Fortunately, range anxiety is becoming less of an issue now that there are several electric vehicles capable of driving more than 200 miles without having to stop and recharge. The 2019 Hyundai Kona Electric is one of those cars that promises a clear path to zero emissions driving, supposedly without leaving you stranded at the side of the road. But can it really achieve its EPA-estimated range of 258 miles in the real world?
To find out, I took the brand new Kona Electric into the urban jungle of California, where I could find its true range. Not only that, but I discover some tidbits of useful information about what this car’s like to live with every day.
By the numbers
According to official EPA figures, the all-electric version of the Hyundai Kona has a range of 258 miles. Its 64 kWh battery powers a 150 kW electric motor, solely powering the front wheels. That combination amounts to an impressive 201 horsepower and 291 pound-feet of torque. The onboard 7.2 kW charger enables this electric crossover to recharge its lithium-ion battery pack in approximately 9-1/2 hours when connected to a Level 2 (L2) charger. If you don’t have that much idle time, connect it to a 45 kW DC fast charger (L3), and you get back up to 80 percent capacity in around 1 hour.
The Kona fits into the subcompact crossover category — comparable in size to Subaru Crosstrek, Mazda CX-3, Honda HR-V and its cousin the Kia Niro EV. Passenger volume measures 94.1 cubic feet, which is nearly identical to the Chevy Bolt. Even though the Bolt has more headroom, seating inside the Kona feels roomier compared to the tight quarters of Chevy’s small EV. Fold the rear seats and the cargo area expands from a diminutive 19.2 cubic feet to 45.8 — a lot more space in comparison to the Nissan LEAF’s 30 cubic feet.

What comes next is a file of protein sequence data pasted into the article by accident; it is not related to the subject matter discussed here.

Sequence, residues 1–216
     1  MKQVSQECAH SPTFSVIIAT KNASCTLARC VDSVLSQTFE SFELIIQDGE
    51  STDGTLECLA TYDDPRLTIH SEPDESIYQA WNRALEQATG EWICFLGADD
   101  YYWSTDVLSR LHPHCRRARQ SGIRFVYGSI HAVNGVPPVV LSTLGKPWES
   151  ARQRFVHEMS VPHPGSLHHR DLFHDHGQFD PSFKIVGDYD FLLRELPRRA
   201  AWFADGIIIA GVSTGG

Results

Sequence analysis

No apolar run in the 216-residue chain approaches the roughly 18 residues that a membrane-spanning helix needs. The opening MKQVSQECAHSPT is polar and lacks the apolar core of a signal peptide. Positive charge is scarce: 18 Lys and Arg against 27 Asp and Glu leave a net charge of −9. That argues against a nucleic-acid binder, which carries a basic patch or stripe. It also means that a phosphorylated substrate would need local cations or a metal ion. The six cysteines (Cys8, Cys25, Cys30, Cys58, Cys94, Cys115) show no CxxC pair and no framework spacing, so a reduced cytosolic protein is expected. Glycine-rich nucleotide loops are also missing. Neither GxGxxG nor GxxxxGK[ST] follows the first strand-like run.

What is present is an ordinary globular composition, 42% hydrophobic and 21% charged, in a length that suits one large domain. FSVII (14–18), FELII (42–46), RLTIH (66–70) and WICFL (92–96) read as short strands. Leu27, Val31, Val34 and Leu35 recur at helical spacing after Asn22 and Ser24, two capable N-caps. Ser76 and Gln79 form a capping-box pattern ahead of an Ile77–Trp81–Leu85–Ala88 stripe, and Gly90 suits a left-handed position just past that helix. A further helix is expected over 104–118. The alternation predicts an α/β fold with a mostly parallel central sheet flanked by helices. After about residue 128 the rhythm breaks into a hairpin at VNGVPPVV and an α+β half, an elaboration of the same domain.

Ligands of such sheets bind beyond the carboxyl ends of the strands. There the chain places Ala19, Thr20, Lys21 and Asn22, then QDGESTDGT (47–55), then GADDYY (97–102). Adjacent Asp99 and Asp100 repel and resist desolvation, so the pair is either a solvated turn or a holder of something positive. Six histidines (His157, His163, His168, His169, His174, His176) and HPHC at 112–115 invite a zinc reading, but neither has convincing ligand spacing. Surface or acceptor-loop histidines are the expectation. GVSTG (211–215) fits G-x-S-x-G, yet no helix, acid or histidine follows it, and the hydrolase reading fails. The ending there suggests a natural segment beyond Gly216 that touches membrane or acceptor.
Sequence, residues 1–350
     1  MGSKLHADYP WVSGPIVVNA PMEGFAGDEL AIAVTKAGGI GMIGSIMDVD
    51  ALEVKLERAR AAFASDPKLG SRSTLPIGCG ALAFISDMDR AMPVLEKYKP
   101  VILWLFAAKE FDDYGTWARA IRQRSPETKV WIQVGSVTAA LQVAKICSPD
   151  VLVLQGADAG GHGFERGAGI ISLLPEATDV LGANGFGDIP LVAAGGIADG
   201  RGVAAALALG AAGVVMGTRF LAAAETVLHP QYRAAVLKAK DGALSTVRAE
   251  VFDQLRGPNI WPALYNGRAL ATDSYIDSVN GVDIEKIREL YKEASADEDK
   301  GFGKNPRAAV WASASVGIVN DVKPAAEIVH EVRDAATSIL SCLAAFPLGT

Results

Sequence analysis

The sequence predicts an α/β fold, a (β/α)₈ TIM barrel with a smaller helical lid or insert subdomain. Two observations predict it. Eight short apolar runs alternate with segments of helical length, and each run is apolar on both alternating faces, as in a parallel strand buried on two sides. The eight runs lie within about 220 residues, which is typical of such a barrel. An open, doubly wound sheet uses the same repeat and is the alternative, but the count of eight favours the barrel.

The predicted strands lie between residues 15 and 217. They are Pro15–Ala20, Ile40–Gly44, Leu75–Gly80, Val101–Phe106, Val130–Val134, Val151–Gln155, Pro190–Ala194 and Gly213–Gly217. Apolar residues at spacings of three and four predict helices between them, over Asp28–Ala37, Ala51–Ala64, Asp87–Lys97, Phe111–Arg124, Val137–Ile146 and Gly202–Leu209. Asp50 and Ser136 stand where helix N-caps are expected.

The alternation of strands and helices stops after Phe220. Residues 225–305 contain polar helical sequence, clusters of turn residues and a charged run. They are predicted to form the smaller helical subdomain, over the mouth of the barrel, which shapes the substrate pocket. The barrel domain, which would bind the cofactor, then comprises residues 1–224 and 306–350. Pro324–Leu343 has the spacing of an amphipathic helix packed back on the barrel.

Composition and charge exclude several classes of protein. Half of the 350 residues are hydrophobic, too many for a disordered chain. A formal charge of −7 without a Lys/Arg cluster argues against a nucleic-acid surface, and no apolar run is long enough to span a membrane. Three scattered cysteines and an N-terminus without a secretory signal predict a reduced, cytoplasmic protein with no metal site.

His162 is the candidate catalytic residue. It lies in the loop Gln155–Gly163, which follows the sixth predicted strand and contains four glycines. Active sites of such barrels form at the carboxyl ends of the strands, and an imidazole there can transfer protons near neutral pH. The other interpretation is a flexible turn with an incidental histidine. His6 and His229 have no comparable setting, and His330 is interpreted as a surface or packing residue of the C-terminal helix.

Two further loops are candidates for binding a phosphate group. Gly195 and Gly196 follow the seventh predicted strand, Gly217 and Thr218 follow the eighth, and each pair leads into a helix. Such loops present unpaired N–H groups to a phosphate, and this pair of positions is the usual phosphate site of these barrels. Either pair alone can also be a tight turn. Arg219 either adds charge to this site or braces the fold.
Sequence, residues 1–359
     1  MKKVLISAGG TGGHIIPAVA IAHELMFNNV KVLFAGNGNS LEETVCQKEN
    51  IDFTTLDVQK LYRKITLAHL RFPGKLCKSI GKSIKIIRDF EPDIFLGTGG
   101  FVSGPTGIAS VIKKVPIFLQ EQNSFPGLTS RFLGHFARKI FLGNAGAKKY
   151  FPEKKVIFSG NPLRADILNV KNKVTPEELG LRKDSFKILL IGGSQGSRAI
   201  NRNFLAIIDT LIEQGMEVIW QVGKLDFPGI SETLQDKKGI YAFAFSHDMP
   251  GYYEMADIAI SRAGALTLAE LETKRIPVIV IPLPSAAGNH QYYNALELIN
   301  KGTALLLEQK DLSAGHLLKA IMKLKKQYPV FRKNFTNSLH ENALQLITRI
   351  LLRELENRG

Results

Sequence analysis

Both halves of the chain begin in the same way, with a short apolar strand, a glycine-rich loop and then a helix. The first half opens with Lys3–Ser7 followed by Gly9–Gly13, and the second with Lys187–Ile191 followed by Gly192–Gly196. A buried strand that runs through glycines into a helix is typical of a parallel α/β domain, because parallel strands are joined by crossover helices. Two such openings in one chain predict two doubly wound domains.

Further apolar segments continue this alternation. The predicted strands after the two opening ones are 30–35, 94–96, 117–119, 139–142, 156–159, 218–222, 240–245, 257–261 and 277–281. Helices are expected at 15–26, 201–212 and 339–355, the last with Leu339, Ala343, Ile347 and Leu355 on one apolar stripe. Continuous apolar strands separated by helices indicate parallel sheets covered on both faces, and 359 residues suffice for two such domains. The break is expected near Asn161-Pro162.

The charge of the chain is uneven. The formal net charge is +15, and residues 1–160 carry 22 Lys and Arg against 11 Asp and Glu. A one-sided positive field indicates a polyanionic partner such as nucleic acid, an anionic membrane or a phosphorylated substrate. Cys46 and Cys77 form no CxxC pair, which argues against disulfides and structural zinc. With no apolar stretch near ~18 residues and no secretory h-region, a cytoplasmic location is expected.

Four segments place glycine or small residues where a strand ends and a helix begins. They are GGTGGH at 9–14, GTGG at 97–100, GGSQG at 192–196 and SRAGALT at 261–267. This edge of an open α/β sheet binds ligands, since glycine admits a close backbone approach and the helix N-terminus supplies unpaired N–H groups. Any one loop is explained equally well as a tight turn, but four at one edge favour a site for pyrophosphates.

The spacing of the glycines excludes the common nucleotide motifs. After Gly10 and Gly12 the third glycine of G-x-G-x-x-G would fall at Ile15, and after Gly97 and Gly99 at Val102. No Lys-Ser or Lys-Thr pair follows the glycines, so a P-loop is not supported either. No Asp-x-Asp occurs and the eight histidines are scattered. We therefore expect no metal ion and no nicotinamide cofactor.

Five things to love about the Hyundai Kona Electric
During my time with the 2019 Hyundai Kona Electric, I logged more than 250 miles on a single charge. Even at that point, I still had 15 percent battery capacity remaining. According to the car’s trip computer, there was potentially another 40 miles of range left in the battery pack. While not quite on the same level as its conventional competition, it was still an impressive result.
Ultimately, the driver has three modes to choose: Normal, Eco, and Sport. The trick to squeezing more range is to use Eco mode most of the time. This drive mode makes the system’s regenerative braking more aggressive when lifting off the accelerator, thereby returning a significant amount of juice to the batteries. Two paddles behind the steering wheel allow you to adjust for less or more aggressive regenerative braking.
Lest you think Eco mode makes the all-electric crossover wimpy, 291 pound-feet of torque on tap means there are copious amounts of power in normal driving conditions.
Here were the results when I conducted the range test: